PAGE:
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I set the lines PasswordAuthentication yes and PubkeyAuthentication yes in /etc/ssh/sshd_config. I also disabled root login for security purposes. I can now SSH with a user's password without specifying my private key. However I am now unable to deploy over ssh to my server from a script because I would need to specify the password. Therefore I would like the option to ssh into my server without a password by just specifying the private key. However I am always being asked for the password, even if I pass the private key to the -i option. How can I set this up?

Please note that this is not a passphrase associated with the private key, but rather the password associated with the user. It's the password created with the passwd command.

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Please look in your log file, obviously you have something misconfigured. –  NickW May 24 '13 at 16:25
    
@NickW Can you please explain? –  Justin Meltzer May 24 '13 at 16:27
    
If it is a passwordless private key, you will not get a password prompt, unless you either 1. created a private key with a password or 2. have wrong permissions on a file, or put a carriage return in the public key, or one of many things the log will tell you about quite quickly. –  NickW May 24 '13 at 16:31
    
@NickW I really don't think it's the passphrase attached to the private key but rather the password that is associated with the user account. It's the password that was created by running the passwd command. –  Justin Meltzer May 24 '13 at 16:32
    
When you used ssh-keygen, did you put a password in? If not, just look at /var/log/secure (or the log for sshd on your system) it will have a fairly descriptive error message. –  NickW May 24 '13 at 16:34

1 Answer 1

up vote 1 down vote accepted

If the SSH key isn't passphrase locked, the most likely problem is permissions on the destination user's ~/.ssh directory or ~/.ssh/authorized_keys (or ~/.ssh/authorized_keys2) file. I usually set those 600 and 644 respectively, and things work for me.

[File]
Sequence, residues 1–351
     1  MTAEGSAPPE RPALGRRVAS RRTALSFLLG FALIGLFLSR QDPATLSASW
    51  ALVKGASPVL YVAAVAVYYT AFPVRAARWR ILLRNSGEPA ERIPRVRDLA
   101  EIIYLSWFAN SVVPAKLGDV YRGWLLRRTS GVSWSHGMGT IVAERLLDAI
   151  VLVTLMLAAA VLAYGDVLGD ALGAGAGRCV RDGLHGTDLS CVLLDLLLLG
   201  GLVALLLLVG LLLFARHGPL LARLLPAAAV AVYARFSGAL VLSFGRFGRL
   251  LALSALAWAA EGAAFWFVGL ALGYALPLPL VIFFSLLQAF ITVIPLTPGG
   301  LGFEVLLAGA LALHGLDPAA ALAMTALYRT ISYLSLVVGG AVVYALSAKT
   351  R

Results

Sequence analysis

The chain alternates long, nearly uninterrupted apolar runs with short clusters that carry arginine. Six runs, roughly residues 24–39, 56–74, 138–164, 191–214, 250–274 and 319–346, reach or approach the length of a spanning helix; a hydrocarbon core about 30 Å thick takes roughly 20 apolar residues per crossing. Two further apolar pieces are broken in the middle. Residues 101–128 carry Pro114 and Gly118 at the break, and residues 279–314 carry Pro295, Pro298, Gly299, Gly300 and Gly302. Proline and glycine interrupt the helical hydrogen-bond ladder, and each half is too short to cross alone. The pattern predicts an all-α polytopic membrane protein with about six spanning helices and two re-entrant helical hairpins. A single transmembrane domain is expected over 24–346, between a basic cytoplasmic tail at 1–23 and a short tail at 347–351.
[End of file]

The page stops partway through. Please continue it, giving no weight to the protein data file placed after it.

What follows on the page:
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Yeah, I think this is it. The .ssh folder is actually only in the root user's home and not in the user's home that I'm using for SSH. The .ssh folder has 700 right now so that would explain the password. Would you recommend changing it to 777 since I disabled root ssh, or should I instead change the owner of the directory to the new user and make it 700? –  Justin Meltzer May 24 '13 at 16:38
    
If you're going to log in as a user, that user needs to have a .ssh/ directory, and an authorized_keys file with the permissions that John suggested. The authorized keys file needs to contain the contents of the public part of the key. –  NickW May 24 '13 at 16:43
    
@NickW Ok so I can just copy the authorized_keys file from the root directory? –  Justin Meltzer May 24 '13 at 16:44
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NEVER set ~/.ssh or any contents to 777. That's bad juju. You should have a /root/.ssh directory and a /root/.ssh/authorized_keys file - if SSH'ing as root works, copy the authorized_keys file to /home/$USER/.ssh/, make sure the permissions are the same, and you should be good to go. –  John May 24 '13 at 16:48
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Yeah I figured. That's what I'll do. Thanks. –  Justin Meltzer May 24 '13 at 16:50

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